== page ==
The obtained results of the volatile compounds determination show that medium length alkanes and alkenes represent the main volatile components of the investigated strains of cyanobacteria. Presence of odorous compounds such as 2-methylisoborneol, 2-pentylfuran, β-cyclocitral, and β-ionone was also observed in the samples in various concentrations. Content of 2-methylisoborneol was lower in samples which were grown in medium with higher added nitrogen levels, although further studies using standard of 2-methylisoborneol should be undertaken to more precisely assess the observed differences. Presence of geosmin, which is very important component of odour, was not detected in any of the tested samples, which may be explained by the presence of relatively high concentrations of copper ions to the growth medium. Principal component analysis (PCA) and hierarchical cluster analysis (HCA) have shown good separation of analyzed samples regarding the type and concentration of their volatile compounds and samples of Spirulina were characterized as notably different from other cyanobacterial strains with regard to their high content of alkanes. It can also be concluded that growing conditions have significant impact on production of volatile and odorous compounds in cyanobacteria, and altering these conditions may be useful in obtaining cyanobacterial biomass with favorable sensory properties for potential use in formulation of food and feed products.

Conflict of Interests

The authors declare that there is no conflict of interests regarding the publication of this paper.


This paper is a result of the research within the Technological Development Project (TR-31029) supported by the Ministry of Education and Science, Serbia.


  1. J. Fehling, D. K. Stoecker, and S. L. Baldauf, “Photosynthesis and the eukaryote tree of life,” in Evolution of Primary Producers in the Sea, P. G. Falkowski and A. H. Knoll, Eds., pp. 75–107, Academic Press, New York, NY, USA, 2007. View at Google Scholar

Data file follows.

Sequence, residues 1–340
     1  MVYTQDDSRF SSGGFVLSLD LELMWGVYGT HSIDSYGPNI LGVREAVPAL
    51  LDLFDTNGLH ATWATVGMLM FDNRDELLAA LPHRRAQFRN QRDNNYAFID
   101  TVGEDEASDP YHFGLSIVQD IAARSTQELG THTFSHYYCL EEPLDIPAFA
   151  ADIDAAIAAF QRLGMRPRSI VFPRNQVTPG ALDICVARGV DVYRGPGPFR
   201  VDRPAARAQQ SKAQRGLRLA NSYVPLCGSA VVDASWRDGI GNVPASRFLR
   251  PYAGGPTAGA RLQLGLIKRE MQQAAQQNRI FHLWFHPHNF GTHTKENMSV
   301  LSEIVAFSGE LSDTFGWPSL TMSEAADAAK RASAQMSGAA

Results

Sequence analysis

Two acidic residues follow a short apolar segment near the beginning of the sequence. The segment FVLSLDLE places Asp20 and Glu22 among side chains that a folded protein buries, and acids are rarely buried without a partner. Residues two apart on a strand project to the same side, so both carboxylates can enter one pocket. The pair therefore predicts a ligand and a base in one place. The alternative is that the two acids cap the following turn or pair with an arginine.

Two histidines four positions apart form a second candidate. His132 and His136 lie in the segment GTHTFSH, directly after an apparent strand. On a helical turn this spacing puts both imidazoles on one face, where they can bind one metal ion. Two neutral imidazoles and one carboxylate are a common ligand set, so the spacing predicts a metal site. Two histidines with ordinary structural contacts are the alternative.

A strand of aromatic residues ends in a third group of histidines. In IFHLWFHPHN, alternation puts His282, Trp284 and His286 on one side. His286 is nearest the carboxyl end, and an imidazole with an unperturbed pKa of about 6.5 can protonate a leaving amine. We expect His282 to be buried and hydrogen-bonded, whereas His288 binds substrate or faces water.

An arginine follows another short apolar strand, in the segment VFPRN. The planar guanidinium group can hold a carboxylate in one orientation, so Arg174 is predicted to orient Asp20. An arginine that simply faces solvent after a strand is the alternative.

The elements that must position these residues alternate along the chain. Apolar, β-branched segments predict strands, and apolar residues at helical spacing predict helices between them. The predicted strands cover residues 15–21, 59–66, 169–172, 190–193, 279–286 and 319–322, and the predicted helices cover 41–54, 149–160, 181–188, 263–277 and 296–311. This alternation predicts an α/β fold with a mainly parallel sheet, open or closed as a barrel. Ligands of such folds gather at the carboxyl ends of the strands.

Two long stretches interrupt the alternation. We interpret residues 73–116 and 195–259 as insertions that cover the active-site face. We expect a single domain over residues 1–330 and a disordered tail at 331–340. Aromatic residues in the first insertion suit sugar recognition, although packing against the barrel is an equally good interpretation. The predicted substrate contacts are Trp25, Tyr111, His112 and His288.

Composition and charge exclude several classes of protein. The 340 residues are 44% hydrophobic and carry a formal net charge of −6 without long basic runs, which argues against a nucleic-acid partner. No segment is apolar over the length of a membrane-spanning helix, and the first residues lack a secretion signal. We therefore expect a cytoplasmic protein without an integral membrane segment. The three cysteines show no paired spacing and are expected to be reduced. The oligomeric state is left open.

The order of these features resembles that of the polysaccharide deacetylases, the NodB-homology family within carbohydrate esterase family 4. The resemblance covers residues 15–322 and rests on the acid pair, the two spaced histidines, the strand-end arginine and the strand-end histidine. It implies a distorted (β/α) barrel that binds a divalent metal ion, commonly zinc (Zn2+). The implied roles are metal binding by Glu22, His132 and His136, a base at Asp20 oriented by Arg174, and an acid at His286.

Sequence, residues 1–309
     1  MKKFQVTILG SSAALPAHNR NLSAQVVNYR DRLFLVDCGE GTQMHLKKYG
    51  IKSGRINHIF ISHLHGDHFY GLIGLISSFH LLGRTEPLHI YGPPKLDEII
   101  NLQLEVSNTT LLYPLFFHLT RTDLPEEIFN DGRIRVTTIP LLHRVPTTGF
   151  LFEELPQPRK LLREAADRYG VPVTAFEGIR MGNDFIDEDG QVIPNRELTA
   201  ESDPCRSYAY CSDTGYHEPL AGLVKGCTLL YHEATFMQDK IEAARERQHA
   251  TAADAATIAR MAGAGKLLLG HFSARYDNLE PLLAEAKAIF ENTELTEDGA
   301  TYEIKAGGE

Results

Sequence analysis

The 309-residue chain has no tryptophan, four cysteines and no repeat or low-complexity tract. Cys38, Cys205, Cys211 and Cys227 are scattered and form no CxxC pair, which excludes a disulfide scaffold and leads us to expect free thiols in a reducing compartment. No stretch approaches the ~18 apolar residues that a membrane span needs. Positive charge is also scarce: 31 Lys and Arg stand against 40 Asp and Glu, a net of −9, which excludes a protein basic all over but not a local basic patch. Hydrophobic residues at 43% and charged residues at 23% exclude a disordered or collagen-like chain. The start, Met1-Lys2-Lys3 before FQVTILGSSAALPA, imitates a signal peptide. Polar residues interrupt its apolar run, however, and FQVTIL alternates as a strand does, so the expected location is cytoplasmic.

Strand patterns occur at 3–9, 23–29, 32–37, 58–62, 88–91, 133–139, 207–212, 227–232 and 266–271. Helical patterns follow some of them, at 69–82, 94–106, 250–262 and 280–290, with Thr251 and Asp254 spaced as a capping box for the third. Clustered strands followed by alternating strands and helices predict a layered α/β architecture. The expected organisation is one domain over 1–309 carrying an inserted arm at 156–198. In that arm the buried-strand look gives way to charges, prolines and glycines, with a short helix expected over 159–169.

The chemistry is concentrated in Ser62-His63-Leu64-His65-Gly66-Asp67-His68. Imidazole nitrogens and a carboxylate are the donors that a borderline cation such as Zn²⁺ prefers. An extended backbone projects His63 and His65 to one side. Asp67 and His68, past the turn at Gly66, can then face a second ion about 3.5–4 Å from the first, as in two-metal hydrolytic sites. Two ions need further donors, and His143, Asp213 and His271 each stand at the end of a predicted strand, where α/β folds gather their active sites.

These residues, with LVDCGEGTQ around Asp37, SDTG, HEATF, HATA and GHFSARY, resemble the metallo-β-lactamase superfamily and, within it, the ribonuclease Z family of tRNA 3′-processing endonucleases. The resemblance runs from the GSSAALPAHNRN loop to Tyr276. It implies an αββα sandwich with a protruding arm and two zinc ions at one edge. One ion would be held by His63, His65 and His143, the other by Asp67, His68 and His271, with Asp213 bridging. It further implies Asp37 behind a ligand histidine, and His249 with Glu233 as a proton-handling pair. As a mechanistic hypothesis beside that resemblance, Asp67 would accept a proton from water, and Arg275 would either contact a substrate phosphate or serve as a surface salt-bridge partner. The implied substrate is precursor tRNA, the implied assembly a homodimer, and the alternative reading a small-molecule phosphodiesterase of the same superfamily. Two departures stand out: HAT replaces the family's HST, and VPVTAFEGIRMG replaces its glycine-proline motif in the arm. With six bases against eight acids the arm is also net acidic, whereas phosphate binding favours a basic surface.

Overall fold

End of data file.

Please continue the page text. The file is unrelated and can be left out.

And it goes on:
2. R. F. Stern, A. Horak, R. L. Andrew et al., “Environmental barcoding reveals massive dinoflagellate diversity in marine environments,” PLoS ONE, vol. 5, no. 11, Article ID e13991, 2010. View at Publisher · View at Google Scholar · View at Scopus
  3. M. A. Borowitzka, “High-value products from microalgae-their development and commercialisation,” Journal of Applied Phycology, vol. 25, no. 3, pp. 743–756, 2013. View at Publisher · View at Google Scholar · View at Scopus
  4. M. A. Borowitzka, “Carotenoid production using microorganisms,” in Single Cell Oils: Microbial and Algal Oils, Z. Cohen and C. Ratledge, Eds., pp. 225–240, AOCS Press, Urbana, Ill, USA, 2010. View at Google Scholar
  5. A. Mendes, A. Reis, R. Vasconcelos, P. Guerra, and T. Lopes Da Silva, “Crypthecodinium cohnii with emphasis on DHA production: a review,” Journal of Applied Phycology, vol. 21, no. 2, pp. 199–214, 2009. View at Publisher · View at Google Scholar · View at Scopus
  6. D. J. Kovač, J. B. Simeunović, O. B. Babić, A. Č. Mišan, and I. L. Milovanović, “Algae in food and feed,” Food & Feed Research, vol. 40, no. 1, pp. 21–31, 2013. View at Google Scholar
  7. S. Singh, B. N. Kate, and U. C. Banecjee, “Bioactive compounds from cyanobacteria and microalgae: an overview,” Critical Reviews in Biotechnology, vol. 25, no. 3, pp. 73–95, 2005. View at Publisher · View at Google Scholar · View at Scopus
  8. J. Simeunović, K. Bešlin, Z. Svirčev, D. Kovač, and O. Babić, “Impact of nitrogen and drought on phycobiliprotein content in terrestrial cyanobacterial strains,” Journal of Applied Phycology, vol. 25, no. 2, pp. 597–607, 2013. View at Publisher · View at Google Scholar · View at Scopus
  9. J. Simeunović, S. Marković, D. Kovač, A. Mišan, A. Mandić, and Z. Svirčev, “Filamentous cyanobacteria from Vojvodina region as source of phycobiliprotein pigments as potential natural colorants,” Food & Feed Research, vol. 39, no. 1, pp. 23–31, 2012. View at Google Scholar
  10. A. P. Batista, L. Gouveia, N. M. Bandarra, J. M. Franco, and A. Raymundo, “Comparison of microalgal biomass profiles as novel functional ingredient for food products,” Algal Research, vol. 2, no. 2, pp. 164–173, 2013. View at Publisher · View at Google Scholar · View at Scopus